TOXTETH RIOTS 30 YEARS ON: LEROY COOPER SPEAKS OUT
Leroy Cooper will forever be known as the man whose arrest sparked the Toxteth riots.
Sat in front of an exhibition of his paintings and collages at Keith’s Wine Bar, in Lark Lane, he said: “It’s been a black cloud hanging over me for years.
“I always say to people ‘I wasn’t there’. I was actually arrested in what they call the sparking incident, but I was taken away from the street and was in Risley remand centre for six to eight weeks.
“My memory of the riots is being imprisoned, worrying what was going to happen, because I could see through the newspapers and the TV that something cataclysmic had happened and potentially I was going to be made a scapegoat.”
On the hot evening of July 3, 1981, Leroy, then a photography student, was attending a youth club close to Selbourne Street when news of “the police at it again” fed through. A young black man had been arrested over the alleged theft of a bike and was being held in the back of a police van.
He said: “Basically there was just a shout on the street that the police were at it again at the top of the road.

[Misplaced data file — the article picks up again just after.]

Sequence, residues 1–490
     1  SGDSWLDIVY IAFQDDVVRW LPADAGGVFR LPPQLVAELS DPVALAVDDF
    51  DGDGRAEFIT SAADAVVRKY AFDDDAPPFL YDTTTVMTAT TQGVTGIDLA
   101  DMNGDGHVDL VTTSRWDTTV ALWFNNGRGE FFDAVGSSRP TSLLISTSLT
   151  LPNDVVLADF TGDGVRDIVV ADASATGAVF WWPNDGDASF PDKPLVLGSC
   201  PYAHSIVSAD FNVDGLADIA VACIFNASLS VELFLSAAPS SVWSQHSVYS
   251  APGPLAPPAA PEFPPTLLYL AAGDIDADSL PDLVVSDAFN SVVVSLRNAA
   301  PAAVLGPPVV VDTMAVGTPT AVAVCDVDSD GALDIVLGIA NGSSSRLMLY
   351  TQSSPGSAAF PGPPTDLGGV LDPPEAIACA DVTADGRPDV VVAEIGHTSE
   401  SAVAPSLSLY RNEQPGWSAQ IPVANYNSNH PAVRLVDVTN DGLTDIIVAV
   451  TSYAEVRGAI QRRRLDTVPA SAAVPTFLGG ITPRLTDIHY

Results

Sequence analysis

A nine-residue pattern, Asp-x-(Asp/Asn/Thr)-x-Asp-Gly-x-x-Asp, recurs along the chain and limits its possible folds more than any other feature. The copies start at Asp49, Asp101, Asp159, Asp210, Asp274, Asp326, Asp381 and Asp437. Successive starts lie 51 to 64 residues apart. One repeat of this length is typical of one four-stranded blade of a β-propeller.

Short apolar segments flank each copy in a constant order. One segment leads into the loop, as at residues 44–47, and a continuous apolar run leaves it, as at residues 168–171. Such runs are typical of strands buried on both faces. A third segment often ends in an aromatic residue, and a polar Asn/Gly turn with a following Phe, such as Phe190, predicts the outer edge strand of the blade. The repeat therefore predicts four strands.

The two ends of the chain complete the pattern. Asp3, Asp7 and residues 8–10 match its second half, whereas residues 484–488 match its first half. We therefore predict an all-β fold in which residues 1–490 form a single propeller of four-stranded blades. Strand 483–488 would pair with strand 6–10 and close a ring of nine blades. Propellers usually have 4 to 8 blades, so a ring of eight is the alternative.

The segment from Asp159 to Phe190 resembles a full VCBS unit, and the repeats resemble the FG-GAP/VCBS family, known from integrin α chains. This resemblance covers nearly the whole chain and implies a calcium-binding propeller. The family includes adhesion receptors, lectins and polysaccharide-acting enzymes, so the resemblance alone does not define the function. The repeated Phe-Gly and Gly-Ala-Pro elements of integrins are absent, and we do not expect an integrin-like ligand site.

“We were at the youth club at the time so we went up to see what was going on and at this point they had whoever it was in the van.
“They don’t like it when you challenge them. They were saying it was nothing to do with us but it was – this was our community, these were our streets.
“Someone opened the door, he ran into the crowd, the police tried to push into the crowd, and then boom, it all went off.”
Leroy, now 50, was charged with assaulting three police officers. He said he pleaded guilty on the advice of his legal team and spent nine months in Borstal.
He said: “I pleaded guilty because I didn’t want a sentence of three to five years.
“The idea that I had allegedly battered and maimed three police officers was ridiculous.”
When Leroy returned to Toxteth, the place was almost unrecognisable.
He said: “When I came back, the place I had left was gone. It was never going to be the same. When I was a kid, we used to say ‘let’s go and play in the bombdies’ because there were still areas of bomb damage from the war.
“Coming back in 1981, it was like coming back to a warzone, buildings burned out, rows of shops gone.
“The riot was a symptom of there being something really wrong with our society.
“We smashed our own community up, we destroyed our own homes. There had to be something wrong.”